Saturday, December 22, 2012

Avoid the “Hammer and Nail” Approach to Growing Your Business

hammer and nail marketingMarketing is a confusing topic to most small business owners. The process is not well understood.  Owners want more customers to buy more of what they provide – simple.  The word “marketing” itself is looked upon skeptically. 

Much confusion stems from the fact that communication tools are evolving at a rapid pace.  Social, digital and mobile platforms are taking the place of traditional selling and advertising. New subject matter experts promote magic bullet solutions to finding new customers.  Beware – if bad choices are made, lots of time and money can evaporate.

The Hammer and the Nail

When listening to advice from a marketing service provider, remember Maslow’s comment “to a person with a hammer,  every problem is a nail”.   Website designers pitch new websites as the best way to get more customers. Social media gurus suggest the latest social tools (Pinterest, Twitter, Facebook, etc.), and on it goes, leaving the small business owner confused and vulnerable, worried they are missing the boat entirely, because each expert sounds convincing.


The best approach is to follow a process and not get worked up about any specific executional approach.  Here are five simple, time tested steps to achieving small business marketing success:

Five Steps to Business Growth

  1. Determine the business growth goal for the company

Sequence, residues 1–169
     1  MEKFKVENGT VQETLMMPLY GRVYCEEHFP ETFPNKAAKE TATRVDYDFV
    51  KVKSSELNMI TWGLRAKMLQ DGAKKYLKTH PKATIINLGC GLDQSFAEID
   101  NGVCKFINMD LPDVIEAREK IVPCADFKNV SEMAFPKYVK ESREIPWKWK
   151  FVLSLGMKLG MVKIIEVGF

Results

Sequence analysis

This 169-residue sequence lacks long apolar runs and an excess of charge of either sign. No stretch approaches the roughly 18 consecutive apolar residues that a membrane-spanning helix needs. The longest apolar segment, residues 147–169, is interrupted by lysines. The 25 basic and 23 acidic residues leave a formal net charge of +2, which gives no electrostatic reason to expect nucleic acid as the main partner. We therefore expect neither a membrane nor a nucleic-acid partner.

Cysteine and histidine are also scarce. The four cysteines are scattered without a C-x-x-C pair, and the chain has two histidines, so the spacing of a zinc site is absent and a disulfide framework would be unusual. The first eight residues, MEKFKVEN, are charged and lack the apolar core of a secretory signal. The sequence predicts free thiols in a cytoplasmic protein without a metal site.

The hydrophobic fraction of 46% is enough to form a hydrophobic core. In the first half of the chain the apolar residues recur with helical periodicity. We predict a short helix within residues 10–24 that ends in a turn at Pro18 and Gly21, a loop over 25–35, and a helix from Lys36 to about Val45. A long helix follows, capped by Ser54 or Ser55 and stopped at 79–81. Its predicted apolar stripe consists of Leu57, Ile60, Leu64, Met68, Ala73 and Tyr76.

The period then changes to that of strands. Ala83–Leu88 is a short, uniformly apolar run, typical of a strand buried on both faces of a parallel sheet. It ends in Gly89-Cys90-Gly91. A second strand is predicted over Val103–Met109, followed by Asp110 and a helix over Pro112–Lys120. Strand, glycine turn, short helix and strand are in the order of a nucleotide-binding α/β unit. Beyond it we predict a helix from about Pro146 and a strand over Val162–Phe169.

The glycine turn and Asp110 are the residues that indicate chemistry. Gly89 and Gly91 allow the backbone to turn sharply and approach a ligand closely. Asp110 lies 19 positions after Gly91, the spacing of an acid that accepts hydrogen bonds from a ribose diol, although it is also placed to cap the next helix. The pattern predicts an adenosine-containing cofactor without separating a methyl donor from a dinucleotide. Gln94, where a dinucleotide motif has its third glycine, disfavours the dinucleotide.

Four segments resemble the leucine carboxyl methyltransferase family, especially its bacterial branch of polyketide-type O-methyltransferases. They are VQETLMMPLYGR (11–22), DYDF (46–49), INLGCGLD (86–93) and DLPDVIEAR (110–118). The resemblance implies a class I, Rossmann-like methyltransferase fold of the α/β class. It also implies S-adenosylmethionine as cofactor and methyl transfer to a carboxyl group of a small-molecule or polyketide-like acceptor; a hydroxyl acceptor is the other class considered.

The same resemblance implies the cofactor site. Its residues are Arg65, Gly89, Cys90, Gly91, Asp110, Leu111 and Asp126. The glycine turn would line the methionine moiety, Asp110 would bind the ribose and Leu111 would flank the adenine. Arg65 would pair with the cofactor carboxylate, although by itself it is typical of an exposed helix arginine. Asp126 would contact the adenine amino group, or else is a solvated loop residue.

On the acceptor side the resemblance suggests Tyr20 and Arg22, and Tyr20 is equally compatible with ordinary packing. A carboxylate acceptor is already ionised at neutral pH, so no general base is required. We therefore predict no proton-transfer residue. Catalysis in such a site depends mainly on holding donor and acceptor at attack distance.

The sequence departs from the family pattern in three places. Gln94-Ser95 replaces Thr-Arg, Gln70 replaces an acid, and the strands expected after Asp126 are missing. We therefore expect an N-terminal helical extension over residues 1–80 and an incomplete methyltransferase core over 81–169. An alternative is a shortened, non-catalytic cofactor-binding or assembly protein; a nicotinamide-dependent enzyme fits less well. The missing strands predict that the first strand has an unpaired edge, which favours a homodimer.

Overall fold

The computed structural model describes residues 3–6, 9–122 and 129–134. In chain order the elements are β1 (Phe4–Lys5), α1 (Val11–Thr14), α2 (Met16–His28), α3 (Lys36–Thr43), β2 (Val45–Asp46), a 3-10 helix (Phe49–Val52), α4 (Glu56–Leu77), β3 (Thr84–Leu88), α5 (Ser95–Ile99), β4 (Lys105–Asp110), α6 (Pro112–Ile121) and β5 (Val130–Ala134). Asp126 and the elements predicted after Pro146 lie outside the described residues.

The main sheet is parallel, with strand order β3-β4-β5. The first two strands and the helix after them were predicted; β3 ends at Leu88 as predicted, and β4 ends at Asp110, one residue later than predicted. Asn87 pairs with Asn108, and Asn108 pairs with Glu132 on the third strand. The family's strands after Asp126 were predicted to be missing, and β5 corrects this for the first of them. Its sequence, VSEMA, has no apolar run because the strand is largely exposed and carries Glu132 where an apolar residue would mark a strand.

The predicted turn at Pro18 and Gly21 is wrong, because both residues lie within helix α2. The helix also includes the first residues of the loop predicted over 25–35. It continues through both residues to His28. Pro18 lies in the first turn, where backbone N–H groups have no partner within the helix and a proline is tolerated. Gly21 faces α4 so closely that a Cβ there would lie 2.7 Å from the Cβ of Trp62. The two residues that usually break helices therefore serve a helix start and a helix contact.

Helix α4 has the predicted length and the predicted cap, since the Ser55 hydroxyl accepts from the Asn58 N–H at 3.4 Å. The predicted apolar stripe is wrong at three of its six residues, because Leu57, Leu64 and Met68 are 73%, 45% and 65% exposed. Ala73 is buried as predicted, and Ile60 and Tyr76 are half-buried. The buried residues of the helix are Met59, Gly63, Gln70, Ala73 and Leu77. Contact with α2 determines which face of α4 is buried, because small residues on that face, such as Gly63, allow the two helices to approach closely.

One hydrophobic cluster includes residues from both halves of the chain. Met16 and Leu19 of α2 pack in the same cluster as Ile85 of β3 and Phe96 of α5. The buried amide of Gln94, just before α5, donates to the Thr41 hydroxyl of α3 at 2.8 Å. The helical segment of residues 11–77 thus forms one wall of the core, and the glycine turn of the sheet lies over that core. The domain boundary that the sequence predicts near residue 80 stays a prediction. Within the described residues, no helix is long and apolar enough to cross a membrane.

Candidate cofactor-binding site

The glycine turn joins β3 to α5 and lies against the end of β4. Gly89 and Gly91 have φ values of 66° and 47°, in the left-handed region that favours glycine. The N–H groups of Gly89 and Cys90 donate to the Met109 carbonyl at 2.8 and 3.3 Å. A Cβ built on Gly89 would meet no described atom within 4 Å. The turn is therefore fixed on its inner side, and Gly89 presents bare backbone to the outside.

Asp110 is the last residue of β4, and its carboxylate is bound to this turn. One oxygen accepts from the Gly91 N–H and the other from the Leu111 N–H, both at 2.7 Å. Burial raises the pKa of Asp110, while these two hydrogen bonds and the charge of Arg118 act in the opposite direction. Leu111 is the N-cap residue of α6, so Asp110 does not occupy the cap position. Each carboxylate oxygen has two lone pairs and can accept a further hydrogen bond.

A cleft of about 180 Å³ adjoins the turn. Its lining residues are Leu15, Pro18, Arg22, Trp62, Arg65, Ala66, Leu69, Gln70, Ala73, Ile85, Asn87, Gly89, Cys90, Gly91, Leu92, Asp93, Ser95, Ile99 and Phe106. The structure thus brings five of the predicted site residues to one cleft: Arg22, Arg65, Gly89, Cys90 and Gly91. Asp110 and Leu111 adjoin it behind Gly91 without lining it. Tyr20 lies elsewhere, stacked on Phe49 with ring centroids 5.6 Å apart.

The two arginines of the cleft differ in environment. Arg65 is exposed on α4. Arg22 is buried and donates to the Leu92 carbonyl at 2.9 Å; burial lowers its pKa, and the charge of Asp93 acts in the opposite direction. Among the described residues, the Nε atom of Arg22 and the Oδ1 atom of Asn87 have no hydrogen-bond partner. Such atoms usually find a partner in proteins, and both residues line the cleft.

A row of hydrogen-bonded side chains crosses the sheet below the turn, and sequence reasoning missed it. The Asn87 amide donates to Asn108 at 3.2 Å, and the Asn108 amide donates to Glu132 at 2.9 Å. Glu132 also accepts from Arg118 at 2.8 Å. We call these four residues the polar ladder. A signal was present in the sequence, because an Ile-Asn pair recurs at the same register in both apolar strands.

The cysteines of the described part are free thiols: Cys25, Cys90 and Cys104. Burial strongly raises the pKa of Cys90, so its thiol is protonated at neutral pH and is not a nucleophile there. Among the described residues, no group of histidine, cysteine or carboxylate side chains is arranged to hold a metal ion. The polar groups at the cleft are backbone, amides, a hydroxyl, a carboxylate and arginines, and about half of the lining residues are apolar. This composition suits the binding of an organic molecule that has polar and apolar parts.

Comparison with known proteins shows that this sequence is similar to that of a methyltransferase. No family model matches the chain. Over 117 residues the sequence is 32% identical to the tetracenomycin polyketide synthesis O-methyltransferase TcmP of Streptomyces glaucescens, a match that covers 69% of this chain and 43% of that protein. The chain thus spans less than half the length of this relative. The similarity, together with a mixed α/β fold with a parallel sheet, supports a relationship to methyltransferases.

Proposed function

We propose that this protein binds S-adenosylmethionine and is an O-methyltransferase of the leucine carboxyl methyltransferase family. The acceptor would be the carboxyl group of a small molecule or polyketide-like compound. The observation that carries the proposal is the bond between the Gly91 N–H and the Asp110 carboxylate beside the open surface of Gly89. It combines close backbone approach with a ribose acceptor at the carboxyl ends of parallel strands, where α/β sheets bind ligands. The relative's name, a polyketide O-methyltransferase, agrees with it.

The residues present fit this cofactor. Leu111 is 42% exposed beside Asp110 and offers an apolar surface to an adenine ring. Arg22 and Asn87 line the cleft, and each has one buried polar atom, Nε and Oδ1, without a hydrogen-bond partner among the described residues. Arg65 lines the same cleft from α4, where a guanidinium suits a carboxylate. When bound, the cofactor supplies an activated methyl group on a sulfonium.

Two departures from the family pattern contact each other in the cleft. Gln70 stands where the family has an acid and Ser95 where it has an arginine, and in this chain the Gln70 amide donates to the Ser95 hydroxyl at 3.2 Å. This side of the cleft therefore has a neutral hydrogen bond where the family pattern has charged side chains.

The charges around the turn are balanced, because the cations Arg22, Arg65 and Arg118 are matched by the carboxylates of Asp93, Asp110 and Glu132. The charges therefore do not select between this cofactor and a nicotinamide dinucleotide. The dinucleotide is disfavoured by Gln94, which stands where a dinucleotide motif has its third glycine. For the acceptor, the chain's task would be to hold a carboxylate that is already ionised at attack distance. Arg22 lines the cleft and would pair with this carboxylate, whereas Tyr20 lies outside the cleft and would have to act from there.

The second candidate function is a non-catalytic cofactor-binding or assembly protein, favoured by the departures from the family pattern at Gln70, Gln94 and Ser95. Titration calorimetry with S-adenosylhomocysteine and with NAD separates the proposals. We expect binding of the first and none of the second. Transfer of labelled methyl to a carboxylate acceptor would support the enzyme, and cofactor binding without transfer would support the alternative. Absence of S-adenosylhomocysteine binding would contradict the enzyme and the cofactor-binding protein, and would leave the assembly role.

2. Create a profile of the ideal customer (person and business, current and new)  needed to attain this growth
  3. State the single unique benefit that this ideal customer is lacking right now which your company’s service or product will provide.  Remember this is not the service, or product itself, but the benefit of that product.  The company must solve this need.  Throw all other features, bells and whistles out of the window.
  4. Determine 2-3 ways the intended customer learns of these types of services.  Get creative here and think of that customer.  Don’t forget word of mouth recommendations – What that person reads or sees, where they go to conduct business or pleasure, and in what groups they belong or participate, such as networking communities (traditional or online).  Dive into the way the customer is exposed to the category of services the your company or product delivers.
  5. At this point, focus all communication efforts on the one or two most important communication vehicles that match this customer’s behavior and tell the story of the business, and the benefit it provides.  

Simple?   Logical!   The trick is there’s no trick.  Follow the process.

More energy should be spent on understanding the customer than understanding the latest communication tools.  There are no “hammer and nail” social media solutions that bring magic results. When the process is followed, marketing delivers a powerful message to the customer.

No comments: